Borrowing a phrase from Star Trek’s Vulcans, I would ask: Do you want to live long and prosper? If your answer is “yes,” then you’d do well to pay attention to new research on flourishing in old age.
Paula Span, in her New York Times article, “Living on Purpose,” summarizes recent research that connects long and healthy life with having a purpose for living. What counts as a purpose?
To psychologists, “purpose reflects a commitment to broader life goals that helps organize your day to day activities,” Patrick Hill, a psychologist at Carleton University in Ottawa, told me in an interview.
Though what provides purpose in one’s life varies, merely taking care of oneself probably doesn’t qualify. People with purpose “have a sense of their role in the community and the broader world,” Dr. [Patricia] Boyle said.
What does the research suggest? Here are a few choice excerpts from Span’s article:
It turns out that purpose is, on many counts, a good thing to have, long associated with satisfaction and happiness, better physical functioning, even better sleep. “It’s a very robust predictor of health and wellness in old age,” said Patricia Boyle, a neuropsychologist at the Rush Alzheimer’s Disease Center in Chicago. . . .
Following almost 1,000 people (age 80, on average) for up to seven years, Dr. Boyle’s team found that the ones with high purpose scores were 2.4 times more likely to remain free of Alzheimer’s than those with low scores; they were also less likely to develop mild cognitive impairment, often a precursor. . . .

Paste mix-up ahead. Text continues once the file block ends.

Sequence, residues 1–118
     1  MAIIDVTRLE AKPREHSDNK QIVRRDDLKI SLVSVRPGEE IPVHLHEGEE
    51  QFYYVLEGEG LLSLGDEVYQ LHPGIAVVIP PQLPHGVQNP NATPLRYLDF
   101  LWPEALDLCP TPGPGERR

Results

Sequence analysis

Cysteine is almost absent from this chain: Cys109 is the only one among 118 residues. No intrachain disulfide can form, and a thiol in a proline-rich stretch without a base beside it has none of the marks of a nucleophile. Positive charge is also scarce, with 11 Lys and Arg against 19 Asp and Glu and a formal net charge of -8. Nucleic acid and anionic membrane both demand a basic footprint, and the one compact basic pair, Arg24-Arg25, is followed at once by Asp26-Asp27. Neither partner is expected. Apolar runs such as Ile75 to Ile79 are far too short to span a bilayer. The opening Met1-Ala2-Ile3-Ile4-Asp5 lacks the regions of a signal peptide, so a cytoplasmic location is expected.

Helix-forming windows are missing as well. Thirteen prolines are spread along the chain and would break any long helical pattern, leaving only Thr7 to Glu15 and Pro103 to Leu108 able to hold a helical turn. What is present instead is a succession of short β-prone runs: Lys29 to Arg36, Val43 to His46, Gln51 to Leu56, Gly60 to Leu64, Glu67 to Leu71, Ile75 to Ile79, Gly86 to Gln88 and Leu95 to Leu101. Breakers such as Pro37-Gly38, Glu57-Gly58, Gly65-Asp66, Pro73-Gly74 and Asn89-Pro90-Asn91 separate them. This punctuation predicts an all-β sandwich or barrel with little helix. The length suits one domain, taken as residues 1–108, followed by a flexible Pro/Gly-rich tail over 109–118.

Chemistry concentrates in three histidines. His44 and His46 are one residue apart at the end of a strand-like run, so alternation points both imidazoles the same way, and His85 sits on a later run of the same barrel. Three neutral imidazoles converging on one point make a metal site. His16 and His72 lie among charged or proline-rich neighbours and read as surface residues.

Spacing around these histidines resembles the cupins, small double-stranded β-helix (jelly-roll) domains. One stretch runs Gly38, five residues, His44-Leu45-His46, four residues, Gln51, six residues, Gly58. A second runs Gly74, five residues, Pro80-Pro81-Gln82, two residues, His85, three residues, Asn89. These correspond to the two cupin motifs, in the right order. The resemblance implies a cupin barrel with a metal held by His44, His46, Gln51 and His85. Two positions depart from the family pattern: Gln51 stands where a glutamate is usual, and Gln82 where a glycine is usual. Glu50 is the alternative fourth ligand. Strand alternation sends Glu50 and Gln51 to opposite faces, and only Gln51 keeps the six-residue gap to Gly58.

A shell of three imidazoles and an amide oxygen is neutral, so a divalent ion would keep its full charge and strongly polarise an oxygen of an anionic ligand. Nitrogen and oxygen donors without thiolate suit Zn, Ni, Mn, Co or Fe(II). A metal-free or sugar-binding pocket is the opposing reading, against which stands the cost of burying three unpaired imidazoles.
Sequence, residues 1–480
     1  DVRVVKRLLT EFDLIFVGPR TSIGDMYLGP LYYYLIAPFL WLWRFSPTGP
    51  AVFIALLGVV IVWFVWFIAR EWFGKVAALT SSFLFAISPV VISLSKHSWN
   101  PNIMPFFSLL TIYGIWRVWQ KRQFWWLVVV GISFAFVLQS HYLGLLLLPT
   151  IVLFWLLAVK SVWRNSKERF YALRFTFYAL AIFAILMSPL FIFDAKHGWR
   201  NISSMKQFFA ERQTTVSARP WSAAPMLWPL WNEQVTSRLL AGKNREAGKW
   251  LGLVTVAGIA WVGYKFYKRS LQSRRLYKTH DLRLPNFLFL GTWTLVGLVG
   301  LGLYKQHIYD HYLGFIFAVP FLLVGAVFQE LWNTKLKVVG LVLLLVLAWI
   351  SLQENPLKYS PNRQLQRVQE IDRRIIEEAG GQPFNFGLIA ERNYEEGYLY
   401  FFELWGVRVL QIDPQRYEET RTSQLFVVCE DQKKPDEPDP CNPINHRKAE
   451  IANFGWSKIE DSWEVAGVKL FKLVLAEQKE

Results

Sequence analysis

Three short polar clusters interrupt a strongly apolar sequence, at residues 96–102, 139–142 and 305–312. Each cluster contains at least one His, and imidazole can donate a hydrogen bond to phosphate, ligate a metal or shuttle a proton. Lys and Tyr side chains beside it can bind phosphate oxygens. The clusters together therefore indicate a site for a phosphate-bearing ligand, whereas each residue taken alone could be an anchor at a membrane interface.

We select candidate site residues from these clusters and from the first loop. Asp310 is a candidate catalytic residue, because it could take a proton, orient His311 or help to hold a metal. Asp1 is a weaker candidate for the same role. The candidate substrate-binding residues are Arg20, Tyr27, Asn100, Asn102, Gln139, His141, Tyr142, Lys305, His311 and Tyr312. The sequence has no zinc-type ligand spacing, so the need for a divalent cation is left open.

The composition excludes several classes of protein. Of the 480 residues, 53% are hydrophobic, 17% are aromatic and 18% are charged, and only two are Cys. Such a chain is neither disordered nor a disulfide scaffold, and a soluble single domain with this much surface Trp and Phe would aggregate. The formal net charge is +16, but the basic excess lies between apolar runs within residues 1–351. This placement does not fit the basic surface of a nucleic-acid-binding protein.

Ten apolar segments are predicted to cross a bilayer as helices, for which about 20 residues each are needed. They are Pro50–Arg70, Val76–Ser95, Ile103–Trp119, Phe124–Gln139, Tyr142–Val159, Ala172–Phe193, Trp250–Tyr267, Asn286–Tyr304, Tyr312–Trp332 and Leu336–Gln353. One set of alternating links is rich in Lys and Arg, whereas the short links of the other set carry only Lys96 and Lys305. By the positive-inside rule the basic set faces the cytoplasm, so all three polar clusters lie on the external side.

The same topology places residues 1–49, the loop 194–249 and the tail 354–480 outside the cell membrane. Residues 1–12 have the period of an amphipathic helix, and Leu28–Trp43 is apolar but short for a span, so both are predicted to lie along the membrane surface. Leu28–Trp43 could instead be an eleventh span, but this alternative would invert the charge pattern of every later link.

Purposeful people were less likely to develop disabilities. And they were less likely to die: a sample of 1,238 people followed for up to five years (average age: 78) by Rush researchers found that those with high purpose had roughly half the mortality rate of those with low purpose. . . .
I’m reminded of the classic book by Dr. Viktor Frankl, Man’s Search for Meaning. A survivor of the Auschwitz concentration camp, Frankl argued in his book that those who had some transcendent purpose in life were better able to endure the horrors of incarceration. They lived longer and thrived even in the most difficult of circumstances.
I’m also reminded of my grandfather, who “retired” in his late sixties after a long career as a civil engineer. Yet retirement opened up many opportunities for him to use his talents for charitable work. For at least a dozen years following his official retirement, he continued doing engineering work for his church, the local YWCA, a seminary, and many other non-profit organizations. This work energized my grandfather and gave him a sense of meaning. I expect it did contribute to his living well beyond the norm.
Span’s article on purposeful aging does not suggest how someone might get a sense of purpose, other than mentoring younger people. But, I would expect that most senior citizen mentors are mentoring others because they have purpose, not in order to find some. In my experience, the most fulfilled and vibrant elders have a deep, lifelong purpose for their lives, one that transcends temporal idols such as individual success or financial achievement. When people, young and old, see their lives in light of their “high calling” to know and serve God in every part of life, they are prepared to live long and prosper.